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Empirical Evidence on the Importance of Aggregation, Asymmetry, and Jumps for Volatility Prediction

Listed author(s):
  • Diep Duong

    ()

    (Rutgers University)

  • Norman Swanson

    ()

    (Rutgers University)

Many recent modelling advances in finance topics ranging from the pricing of volatility-based derivative products to asset management are predicated on the importance of jumps, or discontinuous movements in asset returns. In light of this, a number of recent papers have addressed volatility predictability, some from the perspective of the usefulness of jumps in forecasting volatility. Key papers in this area include Andersen, Bollerslev, Diebold and Labys (2003), Corsi (2004), Andersen, Bollerslev and Diebold (2007), Corsi, Pirino and Reno (2008), Barndorff, Kinnebrock, and Shephard (2010), Patton and Shephard (2011), and the references cited therein. In this paper, we review the extant literature and then present new empirical evidence on the predictive content of realized measures of jump power variations (including upside and downside risk, jump asymmetry, and truncated jump variables), constructed using instantaneous returns, i.e., |r_{t}|^{q}, 0≤q≤6, in the spirit of Ding, Granger and Engle (1993) and Ding and Granger (1996). Our prediction experiments use high frequency price returns constructed using S&P500 futures data as well as stocks in the Dow 30; and our empirical implementation involves estimating linear and nonlinear heterogeneous autoregressive realized volatility (HAR-RV) type models. We find that past "large" jump power variations help less in the prediction of future realized volatility, than past "small" jump power variations. Additionally, we find evidence that past realized signed jump power variations, which have not previously been examined in this literature, are strongly correlated with future volatility, and that past downside jump variations matter in prediction. Finally, incorporation of downside and upside jump power variations does improve predictability, albeit to a limited extent.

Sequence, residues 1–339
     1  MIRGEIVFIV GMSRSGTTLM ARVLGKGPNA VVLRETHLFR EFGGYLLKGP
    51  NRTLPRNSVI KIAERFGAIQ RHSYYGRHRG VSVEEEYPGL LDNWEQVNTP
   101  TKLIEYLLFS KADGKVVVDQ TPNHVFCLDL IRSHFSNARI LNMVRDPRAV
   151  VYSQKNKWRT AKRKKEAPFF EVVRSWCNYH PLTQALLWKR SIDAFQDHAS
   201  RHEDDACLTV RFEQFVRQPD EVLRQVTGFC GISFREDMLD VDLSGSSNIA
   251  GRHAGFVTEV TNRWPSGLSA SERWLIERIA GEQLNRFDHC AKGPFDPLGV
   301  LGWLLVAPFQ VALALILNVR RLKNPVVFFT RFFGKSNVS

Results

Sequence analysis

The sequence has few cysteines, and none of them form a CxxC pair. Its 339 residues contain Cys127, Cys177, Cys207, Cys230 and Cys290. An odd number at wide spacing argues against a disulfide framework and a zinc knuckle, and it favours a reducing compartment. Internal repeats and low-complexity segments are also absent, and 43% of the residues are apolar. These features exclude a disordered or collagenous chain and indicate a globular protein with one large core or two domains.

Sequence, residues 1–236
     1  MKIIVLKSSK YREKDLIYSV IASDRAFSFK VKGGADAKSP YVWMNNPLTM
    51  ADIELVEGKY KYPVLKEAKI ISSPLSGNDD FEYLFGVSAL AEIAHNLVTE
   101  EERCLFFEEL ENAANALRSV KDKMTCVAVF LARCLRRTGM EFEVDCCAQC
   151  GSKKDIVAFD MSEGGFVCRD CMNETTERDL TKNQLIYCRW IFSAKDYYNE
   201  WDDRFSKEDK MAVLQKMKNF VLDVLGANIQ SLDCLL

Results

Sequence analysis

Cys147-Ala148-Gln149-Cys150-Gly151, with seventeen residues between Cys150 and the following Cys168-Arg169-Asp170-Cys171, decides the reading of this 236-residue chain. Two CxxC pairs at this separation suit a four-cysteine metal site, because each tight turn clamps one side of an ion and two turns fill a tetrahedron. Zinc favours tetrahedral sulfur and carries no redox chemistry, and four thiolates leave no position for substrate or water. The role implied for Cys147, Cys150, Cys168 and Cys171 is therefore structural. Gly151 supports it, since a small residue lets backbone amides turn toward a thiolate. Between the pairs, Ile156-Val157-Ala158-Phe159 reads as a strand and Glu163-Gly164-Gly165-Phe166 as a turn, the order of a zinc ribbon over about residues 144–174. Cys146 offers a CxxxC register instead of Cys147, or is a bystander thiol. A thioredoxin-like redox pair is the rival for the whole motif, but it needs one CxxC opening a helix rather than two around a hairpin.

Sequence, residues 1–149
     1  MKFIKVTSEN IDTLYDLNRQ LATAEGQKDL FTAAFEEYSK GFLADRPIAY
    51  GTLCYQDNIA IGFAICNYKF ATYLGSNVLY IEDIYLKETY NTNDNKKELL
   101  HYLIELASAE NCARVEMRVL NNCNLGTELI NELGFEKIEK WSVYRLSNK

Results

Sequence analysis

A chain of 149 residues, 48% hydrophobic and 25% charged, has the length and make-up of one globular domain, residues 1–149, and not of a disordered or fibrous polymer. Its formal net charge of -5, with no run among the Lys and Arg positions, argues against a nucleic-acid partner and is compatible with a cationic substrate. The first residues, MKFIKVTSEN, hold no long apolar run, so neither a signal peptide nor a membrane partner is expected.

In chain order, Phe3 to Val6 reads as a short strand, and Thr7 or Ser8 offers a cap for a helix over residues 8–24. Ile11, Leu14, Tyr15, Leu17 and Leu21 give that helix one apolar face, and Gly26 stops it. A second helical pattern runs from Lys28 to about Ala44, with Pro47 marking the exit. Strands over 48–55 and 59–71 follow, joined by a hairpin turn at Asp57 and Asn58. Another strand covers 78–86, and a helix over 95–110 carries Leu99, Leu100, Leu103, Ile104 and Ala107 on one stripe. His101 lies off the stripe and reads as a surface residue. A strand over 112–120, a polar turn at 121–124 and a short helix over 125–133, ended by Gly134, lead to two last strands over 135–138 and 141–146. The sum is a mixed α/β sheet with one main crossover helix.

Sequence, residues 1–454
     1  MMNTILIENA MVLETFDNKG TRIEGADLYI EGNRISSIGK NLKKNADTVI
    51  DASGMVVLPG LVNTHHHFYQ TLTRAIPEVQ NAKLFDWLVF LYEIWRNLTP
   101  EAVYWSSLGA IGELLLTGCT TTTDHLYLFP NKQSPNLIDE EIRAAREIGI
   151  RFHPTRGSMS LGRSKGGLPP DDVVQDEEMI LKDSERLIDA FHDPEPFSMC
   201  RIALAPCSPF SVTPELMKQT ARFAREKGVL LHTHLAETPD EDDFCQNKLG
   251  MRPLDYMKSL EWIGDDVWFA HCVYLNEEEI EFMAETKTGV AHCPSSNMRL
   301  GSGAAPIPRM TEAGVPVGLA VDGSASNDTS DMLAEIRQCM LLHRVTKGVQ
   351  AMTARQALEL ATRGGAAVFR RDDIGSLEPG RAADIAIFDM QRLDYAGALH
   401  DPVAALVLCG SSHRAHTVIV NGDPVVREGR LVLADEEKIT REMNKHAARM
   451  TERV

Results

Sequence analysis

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Paper provided by Rutgers University, Department of Economics in its series Departmental Working Papers with number 201321.

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Length: 20 pages
Date of creation: 27 Jul 2013
Handle: RePEc:rut:rutres:201321
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